On the subway the other day, my four-year-old daughter piped up with the observation, “There are more white people than brown people on the train today.” I was immediately discomfited, looking around to see if anyone had heard and then probing to see if her comment had any valence beyond the simple truth that there were, in fact, more white people than people of color in our car. It was unsettling to recognize the deep human urge to separate and draw distinctions—and to note my own reaction of anxiety.
This urge to separate runs deep. God’s very first actions, the actions that set history into motion in the first parashah of the first book of the Bible, Bereshit, are acts of separation: God separates light from darkness, the water above from the water below, and the dry land from the seas—bringing texture and variation to what had been tohu va-vohu, “unformed and void.”1 But God doesn’t stop there. Immediately after creating light, God looks upon it and calls it “good.” The unstated but unavoidable conclusion is clear: Light is good, but darkness is less good. Hard-wired into the most proto of our proto-texts is the notion that with separation comes, inevitably, elevation of one and denigration of the other.
It is said that Genesis is a book about origins: “the origins of humankind, the origins of Israel, and the origins of the unique relationship between God and a particular people.”2 What if embedded in the DNA of our origin story is categorization and hierarchy, as well?
Separation with hierarchy courses through the Jewish narrative and Jewish liturgy. Ata bechartanu, we recite during holiday prayers: “You have chosen us from all the peoples; You loved us and found favor in us; You exalted us above all the tongues and sanctified us with Your commandments.” Every Shabbat we sing in the Kiddush, Ki vanu vacharta, “Because you have chosen us, and you have sanctified us, from among all the nations.”
Perhaps separation is a fundamentally human act—inevitably elevating some and denigrating others. As anthropologist Mary Douglas writes in Purity and Danger, there is a need for “a systemic ordering and classification of matter, in so far as ordering involves rejecting inappropriate elements.” Once we start to categorize and systematize, maybe we are compelled to degrade things that complicate the systems we’ve created.
Indeed, our own Supreme Court keyed into this fundamental inclination, declaring in Brown v. Board of Education that “the policy of separating the races is usually interpreted as denoting the inferiority of the negro group… in the field of public education, the doctrine of ‘separate but equal’ has no place.”3 According to the Court in this case, the very act of separating creates inherent inequality even if the tangible circumstances of the two groups are equivalent.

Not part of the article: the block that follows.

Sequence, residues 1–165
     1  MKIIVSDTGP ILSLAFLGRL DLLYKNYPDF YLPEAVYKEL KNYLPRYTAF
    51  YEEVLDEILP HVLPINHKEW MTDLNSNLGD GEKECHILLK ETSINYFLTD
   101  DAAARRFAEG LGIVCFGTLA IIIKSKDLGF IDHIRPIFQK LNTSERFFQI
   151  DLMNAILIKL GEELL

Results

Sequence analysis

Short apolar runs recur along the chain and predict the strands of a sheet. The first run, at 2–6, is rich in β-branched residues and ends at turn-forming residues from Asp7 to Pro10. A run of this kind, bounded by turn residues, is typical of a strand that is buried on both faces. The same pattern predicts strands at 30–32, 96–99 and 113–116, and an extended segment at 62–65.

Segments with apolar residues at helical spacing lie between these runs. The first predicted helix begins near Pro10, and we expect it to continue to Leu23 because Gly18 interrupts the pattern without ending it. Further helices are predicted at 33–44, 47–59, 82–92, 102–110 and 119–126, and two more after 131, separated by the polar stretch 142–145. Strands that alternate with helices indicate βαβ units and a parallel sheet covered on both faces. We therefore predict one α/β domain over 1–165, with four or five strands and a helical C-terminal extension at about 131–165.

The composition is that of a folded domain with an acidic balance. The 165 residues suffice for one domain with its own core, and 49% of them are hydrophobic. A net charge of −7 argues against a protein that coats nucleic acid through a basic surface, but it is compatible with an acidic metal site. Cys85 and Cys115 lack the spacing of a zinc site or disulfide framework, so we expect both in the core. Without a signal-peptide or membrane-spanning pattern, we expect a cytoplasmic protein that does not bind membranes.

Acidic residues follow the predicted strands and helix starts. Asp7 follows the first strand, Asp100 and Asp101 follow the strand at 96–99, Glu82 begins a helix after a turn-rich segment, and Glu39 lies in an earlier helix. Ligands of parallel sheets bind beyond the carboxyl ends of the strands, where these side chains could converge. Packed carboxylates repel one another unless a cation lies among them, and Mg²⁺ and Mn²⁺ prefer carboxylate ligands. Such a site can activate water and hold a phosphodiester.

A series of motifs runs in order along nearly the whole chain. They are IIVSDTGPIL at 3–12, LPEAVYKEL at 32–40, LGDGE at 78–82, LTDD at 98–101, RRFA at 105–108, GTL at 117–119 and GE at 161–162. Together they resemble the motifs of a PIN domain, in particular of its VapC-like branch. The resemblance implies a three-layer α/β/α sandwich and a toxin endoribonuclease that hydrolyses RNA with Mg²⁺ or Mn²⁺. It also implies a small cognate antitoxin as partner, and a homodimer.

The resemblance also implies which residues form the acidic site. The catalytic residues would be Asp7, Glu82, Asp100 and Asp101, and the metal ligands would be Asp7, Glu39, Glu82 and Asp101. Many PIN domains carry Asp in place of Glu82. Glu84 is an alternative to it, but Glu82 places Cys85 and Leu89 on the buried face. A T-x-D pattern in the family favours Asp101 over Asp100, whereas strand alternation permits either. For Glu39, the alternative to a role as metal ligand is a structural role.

So what’s the tikkun, or remedy, to this seemingly inevitable tendency? How do we recognize—and even celebrate—the diversity and distinctiveness among human beings without falling into the evaluative trap? Can we reclaim the child-like ability to acknowledge the differences amongst us without superimposing value judgments on them?
Our parashah offers a helpful counterbalance. In the days following that first act of creation, God looks upon the whole of each day’s work—both the water above and the water below, the sea and the dry land—and says about it all, “It is good.” While the earlier elevation of light over darkness may reflect our hard-wired instinct to separate and create hierarchies, perhaps God here is modeling a capacity to observe distinctions without valuing some over others; God sees all that has been divided as good.
Thinking of my four-year-old and her capacity to observe without judgment, I wonder if the task for us in the year 5775 is to hone our skills of perception and inquiry and to disentangle them from the urge to judge and evaluate. Indeed, here is to a year of watching, listening, asking and engaging. By embracing our differences as God finds goodness in the diversity of creation, may we, too, recognize that “it is good.” Shana tova.
1 Genesis 1:2.
2 Nahum Sarna, The JPS Torah Commentary: Genesis, Philadelphia: The Jewish Publication Society, 1989, p. xii.
3 Brown v. Board of Education, 347 U.S. 483 (1954).
Aaron Dorfman is the Vice President for National Programs at AJWS, overseeing the national strategy to mobilize and organize the American Jewish community and its allies in support of policy change to advance the human rights of marginalized people in the developing world. He can be reached at firstname.lastname@example.org.